Other current and former senators expressed remorse for their votes and, in some cases, their conduct during the 2013 debate.

Heitkamp, now the director of the University of Chicago’s Institute of Politics, told The Post that she wishes she had inserted herself into the debate more aggressively despite having just arrived in Washington.

“I can look back and say I could have done much better at the time, and I do feel that I could have had a more honest discussion,” she said, adding later: “The Sandy Hook parents still deserve a response. And to the extent that I was part of a failure in that response, it’s a regret.”

Heitkamp said that the “time has come to examine the kind of weapons that we allow people in the general public to own. . . . As a society we cannot seem to keep these weapons out of the hands of people who will do incredible damage.”

Begich, too, wonders today if his focus back in 2013 on hyperlocal concerns – such as the fear that instant background checks wouldn’t work in remote Alaska villages or that some on the North Slope used AR-15s to protect themselves against polar bears – prevented him from weighing the potential national benefits of additional gun restrictions.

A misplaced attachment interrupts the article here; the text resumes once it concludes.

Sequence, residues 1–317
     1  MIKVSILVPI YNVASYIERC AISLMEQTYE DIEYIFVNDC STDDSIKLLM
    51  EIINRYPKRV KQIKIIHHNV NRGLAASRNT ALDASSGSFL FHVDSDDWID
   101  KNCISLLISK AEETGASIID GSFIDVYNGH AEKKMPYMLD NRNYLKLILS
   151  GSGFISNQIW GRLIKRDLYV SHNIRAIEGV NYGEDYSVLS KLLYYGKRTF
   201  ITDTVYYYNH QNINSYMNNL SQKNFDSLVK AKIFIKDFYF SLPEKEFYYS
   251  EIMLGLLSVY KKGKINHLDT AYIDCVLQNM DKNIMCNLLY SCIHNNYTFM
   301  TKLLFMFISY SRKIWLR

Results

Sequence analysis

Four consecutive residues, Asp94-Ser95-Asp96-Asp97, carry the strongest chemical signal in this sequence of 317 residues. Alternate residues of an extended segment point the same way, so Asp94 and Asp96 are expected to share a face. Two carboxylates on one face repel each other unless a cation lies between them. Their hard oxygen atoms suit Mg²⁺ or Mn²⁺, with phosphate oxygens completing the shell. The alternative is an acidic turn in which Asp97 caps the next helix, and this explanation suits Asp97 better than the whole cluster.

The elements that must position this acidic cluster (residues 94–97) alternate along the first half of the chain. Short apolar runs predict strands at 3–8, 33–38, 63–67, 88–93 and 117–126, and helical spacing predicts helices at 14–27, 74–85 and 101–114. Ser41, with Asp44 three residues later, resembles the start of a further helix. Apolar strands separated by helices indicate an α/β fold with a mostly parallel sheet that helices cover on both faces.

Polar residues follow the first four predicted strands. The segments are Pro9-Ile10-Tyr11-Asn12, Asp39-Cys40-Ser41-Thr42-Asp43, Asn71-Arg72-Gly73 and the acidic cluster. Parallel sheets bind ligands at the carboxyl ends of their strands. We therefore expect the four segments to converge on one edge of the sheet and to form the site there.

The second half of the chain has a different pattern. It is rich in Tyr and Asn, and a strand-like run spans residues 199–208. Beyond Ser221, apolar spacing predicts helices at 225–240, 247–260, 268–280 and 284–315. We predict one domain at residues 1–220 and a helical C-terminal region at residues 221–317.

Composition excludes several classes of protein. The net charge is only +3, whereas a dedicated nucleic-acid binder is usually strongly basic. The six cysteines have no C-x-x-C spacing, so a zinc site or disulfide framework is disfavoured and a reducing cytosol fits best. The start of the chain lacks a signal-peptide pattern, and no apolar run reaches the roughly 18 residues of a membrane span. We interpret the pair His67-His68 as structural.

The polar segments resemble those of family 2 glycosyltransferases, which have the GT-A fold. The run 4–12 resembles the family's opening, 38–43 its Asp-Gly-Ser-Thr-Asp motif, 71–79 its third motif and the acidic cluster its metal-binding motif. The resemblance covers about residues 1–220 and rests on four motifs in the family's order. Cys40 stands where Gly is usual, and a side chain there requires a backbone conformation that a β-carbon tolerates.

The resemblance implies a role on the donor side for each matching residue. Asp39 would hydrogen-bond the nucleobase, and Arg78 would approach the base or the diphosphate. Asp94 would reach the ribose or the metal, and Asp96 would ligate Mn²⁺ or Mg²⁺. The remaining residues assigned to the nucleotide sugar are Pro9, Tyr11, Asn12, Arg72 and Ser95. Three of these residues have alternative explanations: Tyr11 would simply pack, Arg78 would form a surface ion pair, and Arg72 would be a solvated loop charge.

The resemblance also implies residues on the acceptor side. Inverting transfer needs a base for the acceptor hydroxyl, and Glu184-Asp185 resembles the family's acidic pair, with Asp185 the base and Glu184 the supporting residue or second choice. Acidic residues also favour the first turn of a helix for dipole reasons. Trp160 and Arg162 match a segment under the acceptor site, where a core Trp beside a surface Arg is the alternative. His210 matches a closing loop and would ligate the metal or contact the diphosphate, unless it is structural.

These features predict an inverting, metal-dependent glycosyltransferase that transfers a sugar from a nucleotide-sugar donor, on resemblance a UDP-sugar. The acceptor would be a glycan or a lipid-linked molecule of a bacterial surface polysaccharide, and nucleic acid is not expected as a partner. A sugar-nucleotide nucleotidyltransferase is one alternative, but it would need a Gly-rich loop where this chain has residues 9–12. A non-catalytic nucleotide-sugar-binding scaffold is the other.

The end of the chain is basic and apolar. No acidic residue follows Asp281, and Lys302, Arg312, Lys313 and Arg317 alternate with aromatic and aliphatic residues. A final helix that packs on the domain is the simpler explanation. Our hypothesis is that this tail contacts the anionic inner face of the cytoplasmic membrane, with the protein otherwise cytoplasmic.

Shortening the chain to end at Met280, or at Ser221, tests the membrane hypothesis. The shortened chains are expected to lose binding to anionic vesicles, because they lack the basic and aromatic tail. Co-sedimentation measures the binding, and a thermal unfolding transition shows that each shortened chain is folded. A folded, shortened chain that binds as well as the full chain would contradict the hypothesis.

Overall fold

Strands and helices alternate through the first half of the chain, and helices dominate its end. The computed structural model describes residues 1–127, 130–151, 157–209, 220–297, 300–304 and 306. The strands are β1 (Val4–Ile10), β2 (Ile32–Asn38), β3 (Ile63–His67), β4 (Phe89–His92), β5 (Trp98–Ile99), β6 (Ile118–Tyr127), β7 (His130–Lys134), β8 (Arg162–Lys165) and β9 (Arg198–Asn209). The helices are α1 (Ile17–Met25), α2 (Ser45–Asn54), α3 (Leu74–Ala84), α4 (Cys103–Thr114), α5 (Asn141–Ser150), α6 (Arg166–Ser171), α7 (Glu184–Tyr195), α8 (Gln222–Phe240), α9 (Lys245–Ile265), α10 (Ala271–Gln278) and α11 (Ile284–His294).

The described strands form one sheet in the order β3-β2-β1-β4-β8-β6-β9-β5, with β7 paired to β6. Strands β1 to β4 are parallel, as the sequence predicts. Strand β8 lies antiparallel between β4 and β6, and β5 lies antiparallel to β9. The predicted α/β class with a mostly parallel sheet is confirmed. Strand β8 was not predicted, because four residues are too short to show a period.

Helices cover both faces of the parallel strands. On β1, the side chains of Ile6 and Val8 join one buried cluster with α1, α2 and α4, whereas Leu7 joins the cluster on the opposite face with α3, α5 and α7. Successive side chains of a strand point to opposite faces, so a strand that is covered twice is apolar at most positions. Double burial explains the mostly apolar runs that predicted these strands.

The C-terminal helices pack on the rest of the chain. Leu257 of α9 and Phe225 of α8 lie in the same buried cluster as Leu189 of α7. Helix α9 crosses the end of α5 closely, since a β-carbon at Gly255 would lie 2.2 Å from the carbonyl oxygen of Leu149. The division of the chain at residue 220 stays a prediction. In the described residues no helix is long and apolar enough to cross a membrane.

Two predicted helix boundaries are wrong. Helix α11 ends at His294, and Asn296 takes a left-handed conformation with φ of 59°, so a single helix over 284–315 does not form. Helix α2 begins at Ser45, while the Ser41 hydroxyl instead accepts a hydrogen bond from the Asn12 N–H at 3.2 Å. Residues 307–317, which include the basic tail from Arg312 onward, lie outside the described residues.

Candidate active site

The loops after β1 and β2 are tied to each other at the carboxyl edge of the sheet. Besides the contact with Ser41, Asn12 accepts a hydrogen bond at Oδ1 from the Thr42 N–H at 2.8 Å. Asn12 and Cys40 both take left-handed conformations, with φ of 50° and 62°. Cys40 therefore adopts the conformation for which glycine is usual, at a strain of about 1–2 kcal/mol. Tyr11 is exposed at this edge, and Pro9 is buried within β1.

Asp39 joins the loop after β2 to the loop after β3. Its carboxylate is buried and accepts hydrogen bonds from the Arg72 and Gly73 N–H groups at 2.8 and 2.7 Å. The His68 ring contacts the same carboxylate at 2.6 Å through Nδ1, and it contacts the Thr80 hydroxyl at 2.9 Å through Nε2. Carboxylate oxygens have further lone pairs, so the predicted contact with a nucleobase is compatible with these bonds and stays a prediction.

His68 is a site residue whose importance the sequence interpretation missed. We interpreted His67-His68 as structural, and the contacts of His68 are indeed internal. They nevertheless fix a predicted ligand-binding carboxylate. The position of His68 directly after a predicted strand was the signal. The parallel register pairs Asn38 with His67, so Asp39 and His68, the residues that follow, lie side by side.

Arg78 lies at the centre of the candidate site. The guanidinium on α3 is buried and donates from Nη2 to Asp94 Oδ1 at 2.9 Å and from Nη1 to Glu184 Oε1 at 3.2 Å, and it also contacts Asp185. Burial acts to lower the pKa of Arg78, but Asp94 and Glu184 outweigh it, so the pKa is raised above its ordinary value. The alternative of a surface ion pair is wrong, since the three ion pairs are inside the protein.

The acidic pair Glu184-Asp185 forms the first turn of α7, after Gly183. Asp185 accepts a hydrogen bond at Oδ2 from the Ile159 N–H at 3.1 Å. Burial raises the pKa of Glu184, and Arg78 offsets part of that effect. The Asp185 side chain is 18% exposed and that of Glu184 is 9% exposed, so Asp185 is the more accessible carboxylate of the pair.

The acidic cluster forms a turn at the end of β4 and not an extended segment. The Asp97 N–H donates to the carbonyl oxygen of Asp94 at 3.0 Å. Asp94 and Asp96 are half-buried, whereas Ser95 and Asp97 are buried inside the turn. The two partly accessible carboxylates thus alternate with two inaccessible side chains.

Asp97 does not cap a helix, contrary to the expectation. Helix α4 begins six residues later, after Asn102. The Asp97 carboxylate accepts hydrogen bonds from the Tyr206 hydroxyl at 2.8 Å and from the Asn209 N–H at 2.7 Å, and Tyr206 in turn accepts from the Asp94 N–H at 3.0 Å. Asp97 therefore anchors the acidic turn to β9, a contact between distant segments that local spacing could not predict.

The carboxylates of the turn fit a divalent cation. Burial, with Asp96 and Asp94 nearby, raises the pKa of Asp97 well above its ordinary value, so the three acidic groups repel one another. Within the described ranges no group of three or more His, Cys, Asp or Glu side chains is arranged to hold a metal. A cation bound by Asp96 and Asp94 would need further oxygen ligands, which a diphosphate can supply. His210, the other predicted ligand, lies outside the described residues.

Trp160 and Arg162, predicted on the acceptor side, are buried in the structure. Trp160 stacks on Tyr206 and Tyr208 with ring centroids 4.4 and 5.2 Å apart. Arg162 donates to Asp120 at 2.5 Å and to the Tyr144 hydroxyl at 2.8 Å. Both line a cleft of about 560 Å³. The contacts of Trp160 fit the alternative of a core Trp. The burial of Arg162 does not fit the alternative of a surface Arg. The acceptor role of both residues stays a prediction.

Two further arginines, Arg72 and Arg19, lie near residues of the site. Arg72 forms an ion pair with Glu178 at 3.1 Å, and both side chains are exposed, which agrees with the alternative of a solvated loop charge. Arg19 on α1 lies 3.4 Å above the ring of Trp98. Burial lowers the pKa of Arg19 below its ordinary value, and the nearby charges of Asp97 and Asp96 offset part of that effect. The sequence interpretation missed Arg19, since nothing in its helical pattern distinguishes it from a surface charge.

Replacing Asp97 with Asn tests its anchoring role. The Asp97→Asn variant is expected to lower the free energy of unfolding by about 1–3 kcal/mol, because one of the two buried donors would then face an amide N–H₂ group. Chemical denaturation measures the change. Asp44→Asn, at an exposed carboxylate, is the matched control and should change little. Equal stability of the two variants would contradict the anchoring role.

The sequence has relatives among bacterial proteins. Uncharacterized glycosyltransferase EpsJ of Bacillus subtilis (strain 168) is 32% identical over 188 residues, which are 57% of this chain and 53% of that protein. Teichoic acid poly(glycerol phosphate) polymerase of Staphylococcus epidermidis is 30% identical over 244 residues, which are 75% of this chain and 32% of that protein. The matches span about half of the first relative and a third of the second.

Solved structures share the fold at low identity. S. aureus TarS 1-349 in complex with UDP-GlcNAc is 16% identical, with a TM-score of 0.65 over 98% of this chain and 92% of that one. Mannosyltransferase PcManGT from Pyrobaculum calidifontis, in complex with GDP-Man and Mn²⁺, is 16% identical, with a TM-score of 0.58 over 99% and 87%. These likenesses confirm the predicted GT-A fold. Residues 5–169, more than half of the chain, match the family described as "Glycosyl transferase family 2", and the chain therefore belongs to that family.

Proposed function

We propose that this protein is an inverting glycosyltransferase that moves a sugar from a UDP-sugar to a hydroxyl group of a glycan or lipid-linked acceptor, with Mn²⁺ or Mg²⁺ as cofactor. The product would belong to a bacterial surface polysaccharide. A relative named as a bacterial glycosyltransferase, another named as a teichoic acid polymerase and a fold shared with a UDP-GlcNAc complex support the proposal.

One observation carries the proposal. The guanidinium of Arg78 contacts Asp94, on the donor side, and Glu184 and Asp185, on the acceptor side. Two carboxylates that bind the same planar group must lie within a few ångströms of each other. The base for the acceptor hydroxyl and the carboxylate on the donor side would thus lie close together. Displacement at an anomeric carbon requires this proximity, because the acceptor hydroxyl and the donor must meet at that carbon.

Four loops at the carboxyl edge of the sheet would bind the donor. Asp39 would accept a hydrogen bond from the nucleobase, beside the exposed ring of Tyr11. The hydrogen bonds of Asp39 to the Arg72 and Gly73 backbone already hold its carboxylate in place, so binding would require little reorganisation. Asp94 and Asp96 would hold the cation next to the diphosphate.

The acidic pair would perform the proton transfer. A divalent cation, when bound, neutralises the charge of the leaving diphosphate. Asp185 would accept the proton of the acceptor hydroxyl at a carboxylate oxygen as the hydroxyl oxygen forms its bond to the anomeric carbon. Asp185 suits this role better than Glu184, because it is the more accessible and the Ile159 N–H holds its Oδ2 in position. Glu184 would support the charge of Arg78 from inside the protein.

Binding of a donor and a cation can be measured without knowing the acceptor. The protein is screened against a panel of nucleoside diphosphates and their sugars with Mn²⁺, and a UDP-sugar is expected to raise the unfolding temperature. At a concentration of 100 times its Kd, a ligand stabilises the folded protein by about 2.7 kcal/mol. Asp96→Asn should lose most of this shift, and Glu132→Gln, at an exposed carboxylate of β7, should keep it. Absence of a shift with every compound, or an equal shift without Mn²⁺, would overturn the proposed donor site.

“In retrospect, I look back and say sometimes you’ve got to sacrifice those elements for the greater good,” he said.

Udall, retired from politics, lives near Boulder’s King Soopers grocery store where, in March 2021, a gunman used an AR-style pistol to kill 10 people. Every time he goes shopping there he thinks about the shooting. He said the growing toll of mass killings has eaten away at what he calls the “emotional security in a civilized society.”

“You got to think it’s contributing in some ways to just the sense in America that things aren’t quite right,” Udall said.

Udall, who voted for the background checks bill and the ban on high-capacity magazines and is now on the board of Giffords’s anti-gun-violence group, lamented having a “misguided belief” during much of his term that he could develop a fruitful working relationship with the NRA. He said he appeared once at a news conference with the group’s leaders – only to learn later that they would oppose his reelection anyway.